Colonialism in the Margins

Cultural Encounters in New Sweden and Lapland

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Author: Gunlög Fur
This book explores Swedish encounters with American Indians in the New Sweden colony on the Delaware River during the second half of the seventeenth century. To place Swedish-Indian interactions in perspective a comparison is made with Swedish-Saami colonial relations during the same time period. These were two expressions of Great Power ambitions that place Sweden firmly within the context of European colonialism, but also meant the two outstanding examples of Swedish encounters with indigenous populations. Focus is on issues of land ownership and transactions, on trade, and on cultural encounters.
The book is of particular interest to historians of colonial encounters in America and Sweden, but also in a larger context concerning European colonialism and its heritage today.

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Gunlög Fur, Ph.D. (1993) in History, University of Oklahoma, is Associate Professor of History at Växjö University in Sweden. She has published on colonial encounters and gender in Northeast America and Northern Scandinavia.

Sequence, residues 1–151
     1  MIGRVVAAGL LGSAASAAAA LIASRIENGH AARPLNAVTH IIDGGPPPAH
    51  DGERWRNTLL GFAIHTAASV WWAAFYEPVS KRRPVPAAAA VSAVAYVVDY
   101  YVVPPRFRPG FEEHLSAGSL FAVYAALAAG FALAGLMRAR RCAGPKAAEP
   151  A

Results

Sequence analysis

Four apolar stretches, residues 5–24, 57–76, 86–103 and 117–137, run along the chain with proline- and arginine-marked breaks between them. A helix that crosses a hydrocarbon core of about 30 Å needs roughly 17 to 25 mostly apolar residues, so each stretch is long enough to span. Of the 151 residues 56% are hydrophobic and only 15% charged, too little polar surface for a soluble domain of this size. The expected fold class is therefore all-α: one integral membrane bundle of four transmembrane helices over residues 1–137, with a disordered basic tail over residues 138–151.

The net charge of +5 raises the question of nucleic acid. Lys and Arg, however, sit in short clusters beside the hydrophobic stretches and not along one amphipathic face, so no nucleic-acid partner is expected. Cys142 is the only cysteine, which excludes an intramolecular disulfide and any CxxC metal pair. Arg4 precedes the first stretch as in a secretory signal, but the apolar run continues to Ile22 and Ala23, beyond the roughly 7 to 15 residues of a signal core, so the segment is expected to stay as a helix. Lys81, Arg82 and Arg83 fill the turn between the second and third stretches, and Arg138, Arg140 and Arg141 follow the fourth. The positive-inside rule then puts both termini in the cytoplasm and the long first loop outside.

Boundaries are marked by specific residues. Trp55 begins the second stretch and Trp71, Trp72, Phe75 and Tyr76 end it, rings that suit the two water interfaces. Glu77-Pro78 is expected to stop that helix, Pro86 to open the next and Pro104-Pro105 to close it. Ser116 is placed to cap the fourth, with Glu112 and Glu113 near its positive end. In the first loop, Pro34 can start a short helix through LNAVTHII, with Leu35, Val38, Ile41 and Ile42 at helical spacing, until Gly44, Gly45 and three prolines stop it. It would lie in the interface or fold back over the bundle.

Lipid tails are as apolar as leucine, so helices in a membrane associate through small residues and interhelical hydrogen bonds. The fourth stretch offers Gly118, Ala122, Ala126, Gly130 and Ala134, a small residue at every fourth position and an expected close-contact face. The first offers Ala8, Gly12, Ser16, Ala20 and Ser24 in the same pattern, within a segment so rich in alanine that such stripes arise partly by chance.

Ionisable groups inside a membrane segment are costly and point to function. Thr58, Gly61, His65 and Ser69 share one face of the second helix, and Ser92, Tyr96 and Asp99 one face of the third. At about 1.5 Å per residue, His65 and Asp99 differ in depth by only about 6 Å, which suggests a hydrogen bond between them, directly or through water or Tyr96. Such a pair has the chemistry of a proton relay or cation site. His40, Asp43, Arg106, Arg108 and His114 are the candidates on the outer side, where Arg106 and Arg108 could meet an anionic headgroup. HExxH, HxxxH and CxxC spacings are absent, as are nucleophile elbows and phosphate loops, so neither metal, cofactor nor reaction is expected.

List of Illustrations
Preface
Acknowledgements

Introduction

1. Power on the Periphery
2. Interaction in the North
3. Swedish Overseas Expansion
4. Rightful Owners—The Swedish Colony and Indian Land
5. Two Kinds of Middlemen
6. Strangely Kept and Protected
7. Alignments—The Interim Years
8. Stories—Swedish Colonial Encounters in a Comparative Perspective

Bibliography
Index
Historians and ethno-historians interested in colonial America, northern Scandinavia, and the colonial heritage of early modern Europe as well as general readers with an interest in the Swedish colony and Indian history.